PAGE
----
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Charlie Beckett

September 29th, 2008

Presentation IS politics (Polis@Conservative Conference)

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Estimated reading time: 5 minutes

Charlie Beckett

September 29th, 2008

Presentation IS politics (Polis@Conservative Conference)

0 comments

Estimated reading time: 5 minutes

jeremy-hunt-460_1000247c.jpgPresentation is now utterly part of good politics was the consensus that emerged from the Polis fringe meeting debate at Conservative Party conference.Journalists Ben Brogan (Daily Mail) and Stryker McGuire (Newsweek) agreed with Jeremy Hunt MP (Shadow DCMS Secretary and blogger) and Conservative candidate Priti Patel that you need to look and sound good as well as have something to say.Most of the panel made the obvious contrast between hapless Gordon Brown and personable David Cameron. Our event partner YouGovStone had done research which showed that their influentials think that Cameron is a triumph of style over substance but that he will still win the next election. But as Sarfraz Manzoor from the Guardian pointed out, Brown has been a disaster because of his policy decisions (or lack of them) as much as his unfriendly public persona.

Ben Brogan said that we now live in an age of emotional intelligence. Politicians need to be ‘comfortable’ in themselves with living in the media gaze. Cameron is, Brown isn’t.

As Stryker McGuire put it, the American public can’t know every detail of policy but they can judge which Presidential candidate they trust. The current TV debates may turn upon a phrase or comment but that could be fair. We have a choice between ‘hot’ instinctive McCain and ‘cool’ deiberate Obama – which style do you prefer?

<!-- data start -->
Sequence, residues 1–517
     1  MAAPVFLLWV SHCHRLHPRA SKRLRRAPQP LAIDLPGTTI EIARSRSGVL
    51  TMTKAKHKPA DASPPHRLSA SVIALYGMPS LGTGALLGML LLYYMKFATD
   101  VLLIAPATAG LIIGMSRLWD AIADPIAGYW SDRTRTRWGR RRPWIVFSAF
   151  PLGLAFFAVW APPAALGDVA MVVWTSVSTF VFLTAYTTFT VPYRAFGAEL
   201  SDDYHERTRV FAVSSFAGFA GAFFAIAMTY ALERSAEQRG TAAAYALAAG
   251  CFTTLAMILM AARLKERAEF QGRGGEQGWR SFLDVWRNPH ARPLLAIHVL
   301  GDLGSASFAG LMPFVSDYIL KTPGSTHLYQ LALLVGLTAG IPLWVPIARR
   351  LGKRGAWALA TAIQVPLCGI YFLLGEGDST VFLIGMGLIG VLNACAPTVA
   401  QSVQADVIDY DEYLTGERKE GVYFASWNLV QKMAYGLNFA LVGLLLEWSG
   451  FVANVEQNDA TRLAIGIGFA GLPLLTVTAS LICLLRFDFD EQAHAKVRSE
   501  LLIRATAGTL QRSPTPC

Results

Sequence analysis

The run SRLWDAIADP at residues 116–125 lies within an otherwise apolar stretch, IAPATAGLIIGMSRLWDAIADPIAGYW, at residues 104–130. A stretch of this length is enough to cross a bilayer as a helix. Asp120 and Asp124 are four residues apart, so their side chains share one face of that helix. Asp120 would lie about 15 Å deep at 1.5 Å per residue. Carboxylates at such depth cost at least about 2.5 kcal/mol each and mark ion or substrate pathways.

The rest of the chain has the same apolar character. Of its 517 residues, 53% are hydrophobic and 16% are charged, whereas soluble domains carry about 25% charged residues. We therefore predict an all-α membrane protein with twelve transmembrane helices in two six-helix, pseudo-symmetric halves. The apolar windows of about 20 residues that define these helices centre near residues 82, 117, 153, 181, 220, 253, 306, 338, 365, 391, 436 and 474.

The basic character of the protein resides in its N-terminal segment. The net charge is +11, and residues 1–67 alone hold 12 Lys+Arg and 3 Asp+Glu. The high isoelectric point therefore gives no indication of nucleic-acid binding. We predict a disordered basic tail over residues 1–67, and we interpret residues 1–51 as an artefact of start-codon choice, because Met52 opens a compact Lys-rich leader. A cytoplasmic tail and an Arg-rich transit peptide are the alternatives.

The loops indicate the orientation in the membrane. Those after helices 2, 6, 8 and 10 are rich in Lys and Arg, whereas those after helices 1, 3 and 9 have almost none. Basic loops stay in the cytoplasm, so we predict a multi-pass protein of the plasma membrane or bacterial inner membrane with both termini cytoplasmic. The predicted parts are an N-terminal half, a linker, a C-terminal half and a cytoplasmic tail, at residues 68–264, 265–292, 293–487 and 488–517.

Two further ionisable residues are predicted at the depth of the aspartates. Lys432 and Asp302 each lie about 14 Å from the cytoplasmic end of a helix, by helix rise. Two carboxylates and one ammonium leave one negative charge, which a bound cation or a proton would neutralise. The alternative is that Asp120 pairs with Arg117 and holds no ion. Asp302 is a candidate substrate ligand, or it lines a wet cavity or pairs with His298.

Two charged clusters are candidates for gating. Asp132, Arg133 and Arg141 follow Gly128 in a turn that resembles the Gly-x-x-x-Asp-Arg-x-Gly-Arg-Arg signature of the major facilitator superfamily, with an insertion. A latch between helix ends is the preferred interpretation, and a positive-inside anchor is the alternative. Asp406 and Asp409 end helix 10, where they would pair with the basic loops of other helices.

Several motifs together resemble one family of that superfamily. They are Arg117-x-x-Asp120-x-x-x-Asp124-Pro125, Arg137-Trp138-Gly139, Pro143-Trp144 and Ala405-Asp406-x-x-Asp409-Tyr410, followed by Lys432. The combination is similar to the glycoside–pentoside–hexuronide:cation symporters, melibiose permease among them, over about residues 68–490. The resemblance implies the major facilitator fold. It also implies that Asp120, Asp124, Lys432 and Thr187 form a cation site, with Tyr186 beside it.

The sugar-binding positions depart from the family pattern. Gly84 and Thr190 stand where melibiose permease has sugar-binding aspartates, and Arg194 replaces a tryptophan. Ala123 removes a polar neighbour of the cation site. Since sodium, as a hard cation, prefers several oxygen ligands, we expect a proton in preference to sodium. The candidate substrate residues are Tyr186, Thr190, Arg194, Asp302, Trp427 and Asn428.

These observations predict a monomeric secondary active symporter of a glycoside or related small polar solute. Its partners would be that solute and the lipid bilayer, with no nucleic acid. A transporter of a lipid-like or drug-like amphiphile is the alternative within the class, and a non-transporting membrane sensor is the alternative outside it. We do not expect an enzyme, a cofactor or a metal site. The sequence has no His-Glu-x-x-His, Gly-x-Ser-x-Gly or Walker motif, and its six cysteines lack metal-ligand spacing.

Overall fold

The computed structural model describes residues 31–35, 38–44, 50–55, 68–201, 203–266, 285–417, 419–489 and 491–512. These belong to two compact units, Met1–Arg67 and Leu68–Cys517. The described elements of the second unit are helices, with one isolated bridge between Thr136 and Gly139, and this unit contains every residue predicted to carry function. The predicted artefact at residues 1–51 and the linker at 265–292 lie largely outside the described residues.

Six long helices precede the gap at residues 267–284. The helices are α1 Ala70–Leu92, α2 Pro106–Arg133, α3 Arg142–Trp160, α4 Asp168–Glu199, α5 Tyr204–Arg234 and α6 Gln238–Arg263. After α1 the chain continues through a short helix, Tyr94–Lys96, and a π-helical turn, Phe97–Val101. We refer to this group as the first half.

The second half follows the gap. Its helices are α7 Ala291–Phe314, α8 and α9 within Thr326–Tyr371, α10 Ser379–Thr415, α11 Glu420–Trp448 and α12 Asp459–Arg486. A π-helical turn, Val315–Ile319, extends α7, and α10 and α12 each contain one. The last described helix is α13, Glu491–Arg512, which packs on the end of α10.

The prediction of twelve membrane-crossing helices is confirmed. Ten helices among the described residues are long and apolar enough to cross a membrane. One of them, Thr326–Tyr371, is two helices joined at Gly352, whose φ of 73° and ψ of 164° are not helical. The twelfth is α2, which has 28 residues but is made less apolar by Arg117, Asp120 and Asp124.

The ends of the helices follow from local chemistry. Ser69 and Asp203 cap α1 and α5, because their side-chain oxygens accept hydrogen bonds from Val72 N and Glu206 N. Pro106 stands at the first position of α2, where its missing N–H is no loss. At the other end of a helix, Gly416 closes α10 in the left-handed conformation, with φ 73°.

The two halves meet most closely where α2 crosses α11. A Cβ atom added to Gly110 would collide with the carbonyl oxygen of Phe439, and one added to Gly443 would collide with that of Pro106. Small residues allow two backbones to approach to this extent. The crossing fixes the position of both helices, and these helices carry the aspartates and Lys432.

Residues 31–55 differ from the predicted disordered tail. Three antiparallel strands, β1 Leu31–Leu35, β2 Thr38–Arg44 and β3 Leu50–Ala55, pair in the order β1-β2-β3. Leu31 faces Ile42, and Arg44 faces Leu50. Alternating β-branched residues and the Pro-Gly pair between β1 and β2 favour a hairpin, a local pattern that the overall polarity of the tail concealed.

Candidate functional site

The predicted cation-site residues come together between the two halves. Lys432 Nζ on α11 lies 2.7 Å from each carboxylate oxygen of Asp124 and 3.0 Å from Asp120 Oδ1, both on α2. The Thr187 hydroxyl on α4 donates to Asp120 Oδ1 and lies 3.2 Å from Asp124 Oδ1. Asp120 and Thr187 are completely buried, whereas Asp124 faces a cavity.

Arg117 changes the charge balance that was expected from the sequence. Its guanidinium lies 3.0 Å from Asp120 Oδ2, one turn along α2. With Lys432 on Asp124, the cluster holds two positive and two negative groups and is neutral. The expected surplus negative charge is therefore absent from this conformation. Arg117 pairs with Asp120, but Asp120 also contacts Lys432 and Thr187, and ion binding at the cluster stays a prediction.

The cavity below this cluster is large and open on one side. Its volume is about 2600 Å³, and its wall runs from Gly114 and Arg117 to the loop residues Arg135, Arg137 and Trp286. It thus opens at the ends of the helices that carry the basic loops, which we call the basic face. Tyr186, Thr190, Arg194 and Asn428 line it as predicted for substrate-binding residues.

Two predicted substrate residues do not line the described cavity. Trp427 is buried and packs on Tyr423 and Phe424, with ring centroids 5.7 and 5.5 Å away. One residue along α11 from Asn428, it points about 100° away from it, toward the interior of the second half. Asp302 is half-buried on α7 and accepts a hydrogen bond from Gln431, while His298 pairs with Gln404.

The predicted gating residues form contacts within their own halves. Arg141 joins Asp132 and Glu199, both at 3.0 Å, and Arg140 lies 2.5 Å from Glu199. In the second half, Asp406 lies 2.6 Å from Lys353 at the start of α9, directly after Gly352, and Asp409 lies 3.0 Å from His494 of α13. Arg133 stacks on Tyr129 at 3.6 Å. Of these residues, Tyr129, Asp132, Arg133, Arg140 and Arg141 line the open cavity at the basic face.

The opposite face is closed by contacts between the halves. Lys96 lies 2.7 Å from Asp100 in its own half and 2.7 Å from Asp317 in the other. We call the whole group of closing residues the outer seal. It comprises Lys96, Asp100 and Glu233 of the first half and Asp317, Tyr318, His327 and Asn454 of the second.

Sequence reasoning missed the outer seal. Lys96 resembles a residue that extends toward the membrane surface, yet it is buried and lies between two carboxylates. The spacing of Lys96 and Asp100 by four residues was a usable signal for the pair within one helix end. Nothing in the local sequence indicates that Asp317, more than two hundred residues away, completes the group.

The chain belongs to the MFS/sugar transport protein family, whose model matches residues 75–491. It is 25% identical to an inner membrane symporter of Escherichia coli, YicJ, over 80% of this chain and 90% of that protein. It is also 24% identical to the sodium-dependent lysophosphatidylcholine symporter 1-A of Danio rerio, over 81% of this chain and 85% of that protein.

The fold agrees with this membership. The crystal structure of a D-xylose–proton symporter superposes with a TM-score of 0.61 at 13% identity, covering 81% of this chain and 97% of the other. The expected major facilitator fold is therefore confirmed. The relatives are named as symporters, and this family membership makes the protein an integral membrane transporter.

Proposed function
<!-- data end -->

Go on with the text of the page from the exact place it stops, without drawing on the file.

Priti Patel thought that presentation is about how you ‘amplify’ your ideas. If you only have 30 seconds then don’t complain, just make sure you get the core message across.

Of course, everyone in the room was united in their rejection of the tactics of Alastair Campbell. But it took a journalist from PR Week to remind us that the Cameron Conservatives have just as many spin-doctors as New Labour enjoyed.

Jeremy Hunt insisted though, that they had learned from the media mistakes of the Blair years. Indeed, he admitted that Campbell’s diaries had been part of his summer reading list. Hunt said that the New Labour desire to control their image had backfired. Now there was an appetite for authenticity.

I think he is right. The fact that Jeremy Hunt was voted Most Fanciable MP in a Sky News poll is nice, but not necessary to his political success. Authenticity is about more than good looks or an attractive turn of phrase (and Hunt has both). Instead it was his thoughtful comments on social responsibility and the BBC that represents the kind of substance upon which he will be able to build a political career:

“The problem is that in Westminster we know that a speech by a politician will have a fraction of the influence as a programme on the BBC. The BBC has huge, huge influence and it could be a huge force for good. So I’d like to see their vision of how they can play that constructive role.”

 

 

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Charlie Beckett

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